What is an Annuity?

Much like an adult diaper, if you’re planning on a traditional retirement strategy, the sh!t could very well hit the fan without one.

First things first

The word Annuity refers to a fixed amount of money that is paid to you on a regular basis, for a specific amount of time.

“Waaaaaaaaaaaait-a-second. But I’m paying money INTO my Retirement Annuity, it isn’t paying me anything.” And you’re right. As usual, the wonderful world of finance is as clear as mud. Like Chuck Norris and the wall that offended him, let’s break it down.

Retirement Annuity

So here’s the one we’ve all heard of. In the land of Rugby World Cup Winners, we refer to an investment mechanism used by individuals to save for their grey days as a Retirement Annuity. For yearrrrrs and yearrrrrs you contribute some moola every month, and then when you get to 55, or later if you like, that money all starts coming back to you.

Compulsory Annuity

And this is the “how” part of how your money comes back to you. By law, when you get to retirement age, you can’t just take all your money out of your Retirement Annuity, fly to Vegas and blow it all on oily chicken wings and even oilier strippers. “But it’s MY money!” I hear you say. And technically you’re right. But the powers-that-be are trying to save us from being bamboozled by our new-found wealth, and choking to death on stripper dust.

According to the Income Tax Act, when you hit retirement age, you have to put at least two thirds of your retirement money into something called a Compulsory Annuity.

A Compulsory Annuity is an investment vehicle. Your money is reinvested in order to continue growing, and a fixed amount is paid to you for the rest of your life. That’s an important distinguishing feature of a Compulsory Annuity: It pays you a fixed amount of money until you die. Well isn’t this a cheerful topic.

This fixed amount, aka the annuity, is a bit like earning a salary. Obviously how big this salary is all depends on how much money you have accumulated and how long you need it to last.

So what happens if you die unexpectedly and there was still loads of your money left? Sit down for this bit – it’s going to suck: your money is forfeited and used to pay for other old fogeys who live longer than anyone expected. Ethel in Room 15B did f*ck tons of yoga. She’s going to be blowing her dentures across many more birthday cakes.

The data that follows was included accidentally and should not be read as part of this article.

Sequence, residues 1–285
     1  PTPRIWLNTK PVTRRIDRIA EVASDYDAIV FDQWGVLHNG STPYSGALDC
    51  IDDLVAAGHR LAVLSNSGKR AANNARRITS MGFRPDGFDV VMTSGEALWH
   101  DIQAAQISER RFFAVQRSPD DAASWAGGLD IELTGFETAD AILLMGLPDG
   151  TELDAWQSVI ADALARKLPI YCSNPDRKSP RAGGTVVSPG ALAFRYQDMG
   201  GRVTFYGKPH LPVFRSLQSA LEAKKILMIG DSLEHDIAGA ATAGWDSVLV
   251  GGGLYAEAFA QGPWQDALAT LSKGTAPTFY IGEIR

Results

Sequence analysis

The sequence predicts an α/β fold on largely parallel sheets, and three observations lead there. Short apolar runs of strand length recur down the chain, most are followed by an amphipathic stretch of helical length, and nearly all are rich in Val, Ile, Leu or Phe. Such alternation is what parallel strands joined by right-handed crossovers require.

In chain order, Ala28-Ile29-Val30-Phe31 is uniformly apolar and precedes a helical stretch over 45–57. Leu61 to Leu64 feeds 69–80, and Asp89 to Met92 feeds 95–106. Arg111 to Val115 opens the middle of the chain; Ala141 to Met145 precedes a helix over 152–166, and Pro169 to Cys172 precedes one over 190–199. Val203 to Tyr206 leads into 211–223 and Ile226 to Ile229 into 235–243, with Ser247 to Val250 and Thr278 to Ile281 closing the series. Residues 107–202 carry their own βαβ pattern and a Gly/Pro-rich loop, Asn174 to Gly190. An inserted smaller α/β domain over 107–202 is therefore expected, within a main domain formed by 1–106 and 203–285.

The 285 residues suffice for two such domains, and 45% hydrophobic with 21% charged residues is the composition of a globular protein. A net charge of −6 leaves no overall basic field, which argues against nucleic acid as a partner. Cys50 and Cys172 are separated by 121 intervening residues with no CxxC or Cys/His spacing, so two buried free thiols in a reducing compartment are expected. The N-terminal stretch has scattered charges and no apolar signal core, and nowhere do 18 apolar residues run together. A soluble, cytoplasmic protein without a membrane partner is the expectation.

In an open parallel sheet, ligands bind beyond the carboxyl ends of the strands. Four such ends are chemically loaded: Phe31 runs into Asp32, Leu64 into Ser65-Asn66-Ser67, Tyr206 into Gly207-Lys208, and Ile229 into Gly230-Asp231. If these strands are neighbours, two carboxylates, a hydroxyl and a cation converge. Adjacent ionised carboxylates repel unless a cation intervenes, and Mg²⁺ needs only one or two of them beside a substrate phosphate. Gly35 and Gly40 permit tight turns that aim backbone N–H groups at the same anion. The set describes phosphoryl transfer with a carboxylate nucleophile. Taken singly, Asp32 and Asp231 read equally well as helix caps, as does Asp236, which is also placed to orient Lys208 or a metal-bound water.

There are ways around this though. Without going into too much detail, you get options like a Joint-and-Last-Survivor option which keeps paying out your money to your spouse until they die. There’s also a Guaranteed Term option which keeps your money paying out for a certain time frame, even if you peg before that time is up. Or there’s a Capital Preservation option which, when you die, pays out the initial amount of money you invested when you retired.

There is a special type of Compulsory Annuity that is worth considering if you’re really concerned about Ethel using up all of your hard-earned money on bunion creams and denture glue. And that’s called a…

Living Annuity

This type of Compulsory Annuity also keeps paying you until you die, except any money left over is paid to your beneficiaries. So why doesn’t everyone just sign up for a Living Annuity? Well, it’s not for the faint of heart or those of unsound mind – and by retirement age, you might battling both of those.

You see, with this type of annuity, YOU decide how to invest this money. At the ripe old age of eighty-plus, you’re thrust into the role of investor. And unless you really know what you’re doing, you could risk losing all your money if you made a bad investment decision into, say, bingo balls. You also decide how much money you want to withdraw every year, and if you’re hell-bent on the expensive bells-and-whistles wheelchair lifestyle, there’s a real danger you could run out of money. Basically a Living Annuity is only advisable for super-savvy silver surfers, or those with BUCKETS of money.

Who’s paying for that phone call, Ethel???

Voluntary Annuity

Lastly, there’s a thing called a Voluntary Annuity. Again, you invest money in, and then it pays you your money back in fixed amounts over a predetermined period of time. This type doesn’t keep paying you until you die. It only keeps paying out for the amount of years you decide on upfront. And this one isn’t necessarily linked to retirement at all, except that you’re NOT allowed to invest money from a pension fund or retirement fund into a Voluntary Annuity. The money invested into a Voluntary Annuity has to come from other sources, like an inheritance, or cash made from selling your stash of stripper poles.

As an example: if you and your chicken wings hit it big at the slots in Vegas, you could take your winnings, invest it into a Voluntary Annuity, and then have it pay you a “salary” for the next 50 years. Ka-ching!

So there you have it. Not too tricky, and for those of us with money invested in a pension or retirement fund, it’s good to know our options before we all start depending on those Depends.

– The Money Mom

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